Faye Wattleton was working as a student nurse at Harlem Hospital when one particular case drew her attention to the importance of safe and legal abortion. It was “a really beautiful seventeen-year-old girl” she recalls. “She and her mother had decided to induce an abortion by inserting a Lysol douche into her uterus. It killed her.” That’s when Faye became a reproductive rights activist, holding various positions in public health administration and the Planned Parenthood Federation of America (PPFA), before being elected in 1978 to the PPFA presidency. Ironically, Faye was giving birth when she won!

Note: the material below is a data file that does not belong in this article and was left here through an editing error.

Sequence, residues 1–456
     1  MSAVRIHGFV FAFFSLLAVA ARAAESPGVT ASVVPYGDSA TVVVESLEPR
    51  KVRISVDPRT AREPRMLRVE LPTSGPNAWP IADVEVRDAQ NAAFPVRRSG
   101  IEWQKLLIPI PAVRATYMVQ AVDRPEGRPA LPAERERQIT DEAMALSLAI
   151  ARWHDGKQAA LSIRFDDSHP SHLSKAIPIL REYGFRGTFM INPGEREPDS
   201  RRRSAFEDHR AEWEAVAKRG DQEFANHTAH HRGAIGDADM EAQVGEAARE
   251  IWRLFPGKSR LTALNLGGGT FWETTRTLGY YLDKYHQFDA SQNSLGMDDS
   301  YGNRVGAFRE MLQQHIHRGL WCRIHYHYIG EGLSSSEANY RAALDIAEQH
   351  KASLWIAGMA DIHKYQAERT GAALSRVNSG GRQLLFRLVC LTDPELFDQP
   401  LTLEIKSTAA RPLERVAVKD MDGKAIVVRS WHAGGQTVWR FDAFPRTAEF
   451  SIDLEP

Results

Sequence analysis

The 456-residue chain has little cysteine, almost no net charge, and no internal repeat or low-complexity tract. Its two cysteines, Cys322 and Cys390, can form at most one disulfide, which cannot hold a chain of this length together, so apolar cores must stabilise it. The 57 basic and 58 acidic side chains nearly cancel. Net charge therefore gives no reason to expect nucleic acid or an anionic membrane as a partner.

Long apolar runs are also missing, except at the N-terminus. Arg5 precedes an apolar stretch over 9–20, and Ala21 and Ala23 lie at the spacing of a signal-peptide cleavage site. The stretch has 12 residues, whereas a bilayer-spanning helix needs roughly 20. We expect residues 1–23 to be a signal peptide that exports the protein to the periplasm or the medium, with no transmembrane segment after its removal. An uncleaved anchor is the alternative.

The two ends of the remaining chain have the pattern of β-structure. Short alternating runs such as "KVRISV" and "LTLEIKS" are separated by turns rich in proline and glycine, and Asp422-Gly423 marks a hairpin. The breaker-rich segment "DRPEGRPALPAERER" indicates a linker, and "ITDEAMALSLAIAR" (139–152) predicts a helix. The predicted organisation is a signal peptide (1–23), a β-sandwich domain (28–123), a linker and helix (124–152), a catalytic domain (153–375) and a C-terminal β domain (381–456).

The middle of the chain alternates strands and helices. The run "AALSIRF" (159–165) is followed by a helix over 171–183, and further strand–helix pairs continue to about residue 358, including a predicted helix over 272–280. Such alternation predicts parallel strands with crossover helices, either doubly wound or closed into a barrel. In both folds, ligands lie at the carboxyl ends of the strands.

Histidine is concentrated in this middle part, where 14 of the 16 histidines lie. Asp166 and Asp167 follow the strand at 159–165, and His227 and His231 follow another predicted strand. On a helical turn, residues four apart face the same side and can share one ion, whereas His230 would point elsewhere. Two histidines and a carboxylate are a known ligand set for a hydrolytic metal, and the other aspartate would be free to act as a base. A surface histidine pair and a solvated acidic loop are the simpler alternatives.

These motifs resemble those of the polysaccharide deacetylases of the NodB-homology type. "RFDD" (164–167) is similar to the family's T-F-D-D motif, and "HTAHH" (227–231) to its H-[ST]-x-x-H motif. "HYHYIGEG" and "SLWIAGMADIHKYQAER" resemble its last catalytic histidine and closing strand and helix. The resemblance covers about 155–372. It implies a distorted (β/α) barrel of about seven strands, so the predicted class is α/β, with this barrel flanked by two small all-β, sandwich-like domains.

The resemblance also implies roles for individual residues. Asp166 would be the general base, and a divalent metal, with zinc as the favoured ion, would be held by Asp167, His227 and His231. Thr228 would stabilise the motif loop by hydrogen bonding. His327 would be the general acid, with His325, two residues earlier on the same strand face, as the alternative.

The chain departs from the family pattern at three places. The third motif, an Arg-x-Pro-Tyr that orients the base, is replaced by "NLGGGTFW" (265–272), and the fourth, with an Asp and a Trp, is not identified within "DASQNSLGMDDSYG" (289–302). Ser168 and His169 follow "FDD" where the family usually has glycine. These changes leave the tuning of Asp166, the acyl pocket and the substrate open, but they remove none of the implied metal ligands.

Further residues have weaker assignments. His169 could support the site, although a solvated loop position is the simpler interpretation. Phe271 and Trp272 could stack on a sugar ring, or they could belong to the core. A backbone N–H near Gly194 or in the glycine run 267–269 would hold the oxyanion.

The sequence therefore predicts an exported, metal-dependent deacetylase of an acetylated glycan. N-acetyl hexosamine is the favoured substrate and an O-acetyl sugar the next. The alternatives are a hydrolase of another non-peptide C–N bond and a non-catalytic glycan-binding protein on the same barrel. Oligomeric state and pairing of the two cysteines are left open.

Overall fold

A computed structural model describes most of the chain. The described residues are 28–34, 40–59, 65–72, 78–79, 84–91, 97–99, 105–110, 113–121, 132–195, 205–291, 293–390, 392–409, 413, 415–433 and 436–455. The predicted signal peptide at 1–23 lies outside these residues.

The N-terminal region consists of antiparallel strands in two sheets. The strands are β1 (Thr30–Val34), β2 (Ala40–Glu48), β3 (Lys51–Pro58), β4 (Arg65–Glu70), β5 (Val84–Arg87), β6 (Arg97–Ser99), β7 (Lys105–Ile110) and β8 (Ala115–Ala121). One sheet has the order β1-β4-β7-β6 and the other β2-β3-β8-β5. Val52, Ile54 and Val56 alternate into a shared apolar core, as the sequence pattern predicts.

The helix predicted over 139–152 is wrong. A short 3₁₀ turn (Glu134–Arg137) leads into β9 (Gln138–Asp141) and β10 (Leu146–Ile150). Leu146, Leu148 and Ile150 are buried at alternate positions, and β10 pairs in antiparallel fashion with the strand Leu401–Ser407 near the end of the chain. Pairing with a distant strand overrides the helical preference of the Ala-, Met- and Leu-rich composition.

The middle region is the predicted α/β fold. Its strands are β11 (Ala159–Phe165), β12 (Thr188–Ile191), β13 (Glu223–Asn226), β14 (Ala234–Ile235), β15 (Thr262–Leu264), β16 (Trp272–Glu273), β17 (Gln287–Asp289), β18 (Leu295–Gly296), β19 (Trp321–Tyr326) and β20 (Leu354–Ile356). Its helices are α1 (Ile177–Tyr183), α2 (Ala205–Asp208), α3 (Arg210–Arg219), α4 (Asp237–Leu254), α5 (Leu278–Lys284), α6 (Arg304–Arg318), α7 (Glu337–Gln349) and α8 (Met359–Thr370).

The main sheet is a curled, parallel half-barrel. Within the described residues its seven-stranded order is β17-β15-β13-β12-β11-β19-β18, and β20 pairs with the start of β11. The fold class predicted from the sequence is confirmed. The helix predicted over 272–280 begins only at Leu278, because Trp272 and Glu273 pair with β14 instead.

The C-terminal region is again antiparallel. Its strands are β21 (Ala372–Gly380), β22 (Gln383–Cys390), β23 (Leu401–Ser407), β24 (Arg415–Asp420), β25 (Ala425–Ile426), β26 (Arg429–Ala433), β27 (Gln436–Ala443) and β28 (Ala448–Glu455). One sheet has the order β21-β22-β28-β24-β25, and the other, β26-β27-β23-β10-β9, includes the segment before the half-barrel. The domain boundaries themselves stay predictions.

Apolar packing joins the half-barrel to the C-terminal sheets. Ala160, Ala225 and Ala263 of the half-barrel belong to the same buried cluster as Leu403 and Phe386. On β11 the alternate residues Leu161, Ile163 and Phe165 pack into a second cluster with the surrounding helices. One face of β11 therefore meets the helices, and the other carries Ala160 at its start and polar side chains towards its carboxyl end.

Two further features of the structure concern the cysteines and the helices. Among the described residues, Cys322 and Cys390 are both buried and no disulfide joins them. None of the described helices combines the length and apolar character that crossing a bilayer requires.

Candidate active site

She carries the triple honors of being the first woman, the first African American, and the youngest person ever to head up PPFA. Over the years, she has worked valiantly
to fight the barriers constantly being put in the way—President Reagan’s “squeal rule” to notify parents of distribution of birth control or information, the “gag rule” preventing abortion counseling, and the Supreme Court’s challenge to Roe v. Wade. She resigned the presidency in 1992. Pointing to her contributions, Arthur J. Kopp of People for the American Way noted, “her remarkable ability to communicate difficult issues have made her a giant in the ongoing battle to preserve Americans’ fundamental liberties.”
Original post found here.